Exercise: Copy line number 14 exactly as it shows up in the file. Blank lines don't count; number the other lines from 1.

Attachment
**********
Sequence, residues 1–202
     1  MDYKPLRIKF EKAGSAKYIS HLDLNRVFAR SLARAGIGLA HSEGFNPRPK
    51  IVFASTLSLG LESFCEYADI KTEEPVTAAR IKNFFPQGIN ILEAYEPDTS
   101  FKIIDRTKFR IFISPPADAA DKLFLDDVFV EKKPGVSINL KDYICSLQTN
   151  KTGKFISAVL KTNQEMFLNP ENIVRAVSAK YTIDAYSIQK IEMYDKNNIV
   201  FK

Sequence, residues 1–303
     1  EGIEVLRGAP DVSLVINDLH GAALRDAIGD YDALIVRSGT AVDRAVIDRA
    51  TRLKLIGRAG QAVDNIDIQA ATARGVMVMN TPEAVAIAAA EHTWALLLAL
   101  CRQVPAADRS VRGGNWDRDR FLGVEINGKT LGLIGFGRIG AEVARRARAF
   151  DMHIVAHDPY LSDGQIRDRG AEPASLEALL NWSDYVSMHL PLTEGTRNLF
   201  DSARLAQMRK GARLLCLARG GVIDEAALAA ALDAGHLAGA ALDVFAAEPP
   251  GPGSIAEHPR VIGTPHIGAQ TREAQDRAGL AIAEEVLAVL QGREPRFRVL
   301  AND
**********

   301  AND